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Acer’s new Predator Orion X is an RTX 4090 desktop I might actually buy

Even when it comes to the best gaming desktops, I’ve never been tempted to buy a prebuilt machine over building my own gaming PC. Acer is challenging my stance with its new Predator Orion X, though. It’s a small form factor PC that can pack in up to an RTX 4090, and for the first time ever, I’m considering buying prebuilt.

Size is what sets this machine apart. It comes with a unique 15.4-liter chassis, which is tiny. There are smaller cases if you go the DIY route — my Lian Li A4-H20 is 11 liters — but the Predator Orion X is still remarkably small given the hardware inside. It can pack up to an RTX 4090, which as you can read in my RTX 4090 review, is a graphics card that can barely fit in cases that are 30 liters and larger.

More than a gaming PC

Acer Orion X desktop.

How is Acer pulling it off? The RTX 4090 comes with a custom liquid-cooled GPU block. Acer is liquid-cooling the Core i9-13900KS inside the machine, too. Combined with 64GB of DDR5-5600 memory and up to 2TB of M.2 storage, the Orion X is offering one the fastest gaming PCs on the market in about half the size of a traditional desktop.

It sounds great, but this type of build foreshadows a tough upgrade experience. That’s true of machines like the Corsair One i300, even if it doesn’t support an RTX 4090. Acer seems to have that figured out, though.

The Orion X is fully upgradable, and that makes it special. Acer has the machine split into three zones. The first holds the CPU, power supply, and SSDs, while the second houses the graphics card and dual 2.5-inch SATA SSD slots. Finally, the third holds everything else, along with the 240mm liquid CPU cooler. Acer says you can access these zones separately so you don’t need to completely dissasemble the machine just to make a simple upgrade.

Specs for the Acer Orion X desktop.

The RTX 4090 and Core i9-13900KS combo is definitely the headline here, but Acer is offering other configurations as well. On the GPU side, you can also get either an RTX 4080 or RTX 4070 Ti. Those aren’t liquid-cooled like the RTX 4090 model. For CPUs, Acer is offering Intel’s 13th-gen Core i5-13400, Core i7-13700, and Core i9-13900 in different varieties. For the Core i7 and Core i9 models, you can choose the unlocked or base versions, as well as versions with or without integrated graphics.

Price might be the only killer here. Acer says the Orion X starts at $3,000, presumably with an RTX 4070 Ti and a Core i5. I suspect the RTX 4090 and Core i9 combo will reach well into the $5,000 range, but we’ll need to see where the price lands when the desktop launches in September.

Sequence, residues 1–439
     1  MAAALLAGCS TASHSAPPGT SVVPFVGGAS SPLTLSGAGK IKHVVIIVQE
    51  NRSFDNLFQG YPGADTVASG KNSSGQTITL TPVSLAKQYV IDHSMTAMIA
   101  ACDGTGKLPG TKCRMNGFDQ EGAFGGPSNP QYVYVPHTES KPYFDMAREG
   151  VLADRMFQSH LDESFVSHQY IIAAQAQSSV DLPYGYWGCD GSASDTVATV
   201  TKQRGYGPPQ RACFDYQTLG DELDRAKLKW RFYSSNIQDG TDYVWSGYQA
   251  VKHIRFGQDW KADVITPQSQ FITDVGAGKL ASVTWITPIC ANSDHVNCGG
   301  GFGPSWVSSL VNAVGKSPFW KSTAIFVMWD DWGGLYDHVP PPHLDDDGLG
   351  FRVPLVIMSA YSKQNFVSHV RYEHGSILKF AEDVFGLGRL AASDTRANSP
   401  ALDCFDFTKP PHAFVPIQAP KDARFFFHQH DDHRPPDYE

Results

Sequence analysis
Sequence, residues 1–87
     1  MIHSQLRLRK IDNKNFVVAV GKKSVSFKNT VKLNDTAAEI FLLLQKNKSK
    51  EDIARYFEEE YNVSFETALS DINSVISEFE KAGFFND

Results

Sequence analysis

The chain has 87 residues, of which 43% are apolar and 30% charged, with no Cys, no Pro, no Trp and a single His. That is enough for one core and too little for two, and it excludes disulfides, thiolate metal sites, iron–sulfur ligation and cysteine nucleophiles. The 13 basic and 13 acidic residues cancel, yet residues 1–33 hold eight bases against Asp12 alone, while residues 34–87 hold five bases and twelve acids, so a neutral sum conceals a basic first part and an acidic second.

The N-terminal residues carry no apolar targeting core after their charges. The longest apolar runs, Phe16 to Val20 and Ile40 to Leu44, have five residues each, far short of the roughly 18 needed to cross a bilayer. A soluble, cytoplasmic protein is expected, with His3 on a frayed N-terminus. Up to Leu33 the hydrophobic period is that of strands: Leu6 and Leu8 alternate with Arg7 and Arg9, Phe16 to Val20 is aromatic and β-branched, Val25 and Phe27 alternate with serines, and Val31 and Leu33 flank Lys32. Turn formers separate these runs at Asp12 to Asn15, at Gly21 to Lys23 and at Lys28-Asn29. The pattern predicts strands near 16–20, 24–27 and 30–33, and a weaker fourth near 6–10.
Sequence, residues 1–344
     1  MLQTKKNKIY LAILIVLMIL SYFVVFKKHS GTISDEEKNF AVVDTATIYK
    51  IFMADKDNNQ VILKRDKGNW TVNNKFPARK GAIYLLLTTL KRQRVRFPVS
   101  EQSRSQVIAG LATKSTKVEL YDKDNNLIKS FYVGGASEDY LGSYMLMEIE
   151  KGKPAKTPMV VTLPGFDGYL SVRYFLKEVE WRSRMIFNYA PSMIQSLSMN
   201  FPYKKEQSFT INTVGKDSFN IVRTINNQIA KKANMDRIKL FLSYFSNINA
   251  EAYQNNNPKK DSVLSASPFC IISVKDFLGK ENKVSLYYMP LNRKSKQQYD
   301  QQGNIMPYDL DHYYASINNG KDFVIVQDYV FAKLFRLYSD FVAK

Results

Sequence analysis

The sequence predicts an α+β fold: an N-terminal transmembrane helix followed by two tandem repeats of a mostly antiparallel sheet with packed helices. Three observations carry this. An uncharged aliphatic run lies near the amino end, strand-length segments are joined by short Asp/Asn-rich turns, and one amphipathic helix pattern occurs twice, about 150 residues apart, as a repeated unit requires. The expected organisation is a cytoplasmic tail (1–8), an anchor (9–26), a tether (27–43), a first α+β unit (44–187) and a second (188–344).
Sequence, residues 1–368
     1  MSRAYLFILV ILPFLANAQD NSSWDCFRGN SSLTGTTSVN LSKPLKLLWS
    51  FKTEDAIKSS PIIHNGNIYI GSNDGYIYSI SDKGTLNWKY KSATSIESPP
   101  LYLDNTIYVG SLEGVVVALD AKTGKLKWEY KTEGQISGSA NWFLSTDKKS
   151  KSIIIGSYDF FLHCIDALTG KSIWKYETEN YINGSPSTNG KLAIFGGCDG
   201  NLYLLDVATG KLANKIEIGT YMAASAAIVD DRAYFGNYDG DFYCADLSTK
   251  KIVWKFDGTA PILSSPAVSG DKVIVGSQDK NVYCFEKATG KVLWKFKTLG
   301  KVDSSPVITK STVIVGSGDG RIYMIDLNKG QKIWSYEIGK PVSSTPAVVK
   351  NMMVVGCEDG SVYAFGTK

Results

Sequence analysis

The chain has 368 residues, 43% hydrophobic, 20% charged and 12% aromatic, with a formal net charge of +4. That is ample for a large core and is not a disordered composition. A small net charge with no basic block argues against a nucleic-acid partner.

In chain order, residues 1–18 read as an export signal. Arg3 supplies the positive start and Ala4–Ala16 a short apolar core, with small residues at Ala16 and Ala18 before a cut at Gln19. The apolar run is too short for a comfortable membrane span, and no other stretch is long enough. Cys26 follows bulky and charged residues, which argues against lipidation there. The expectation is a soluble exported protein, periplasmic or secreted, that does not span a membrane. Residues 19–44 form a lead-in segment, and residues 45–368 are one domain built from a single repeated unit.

Monitors galore

Acer is bringing a couple of new displays to market as well. The Predator X34 V is definitely the more interesting of the two. It’s a 34-inch monitor with a 21:9 aspect ratio, but critically, it uses an OLED panel. It’s not clear if this is a QD-OLED panel like the Alienware 34 QD-OLED uses or something different, but it’s earned VESA’s DisplayHDR True Black 400 certification.

According to Acer, the display covers 99% of DCI-P3 color gamut, and it comes with a 175Hz refresh rate and 0.1ms response time. You’re also getting AMD FreeSync Premium Pro for variable refresh rate. The only problem is the price — Acer is asking $1,300 for the display, while the Alienware 34 QD-OLED is currently at $1,100. The monitor is set to hit shelves in the last few months of the year.

Arriving alongside it is the Nitro X2452CU, which actually undercuts the competition. It’s a 44.5-inch display with a 32:9 aspect ratio, similar to Samsung’s popular Odyssey Neo G9. This one doesn’t come with quite the same specs, though. It’s only certified for VESA DisplayHDR 400, and it tops out with a 165Hz refresh rate.

Still, its price helps the display stand out. It comes in at only $1,000, which is $200 less than Samsung is asking for its display. You’re not getting the same brightness and contrast specs, but if you want the form factor and don’t mind sacrificing image quality, the Nitro X2452CU looks enticing.

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Jacob Roach
Senior Staff Writer, Computing
Jacob Roach is a writer covering computing and gaming at Digital Trends. After realizing Crysis wouldn't run on a laptop, he…
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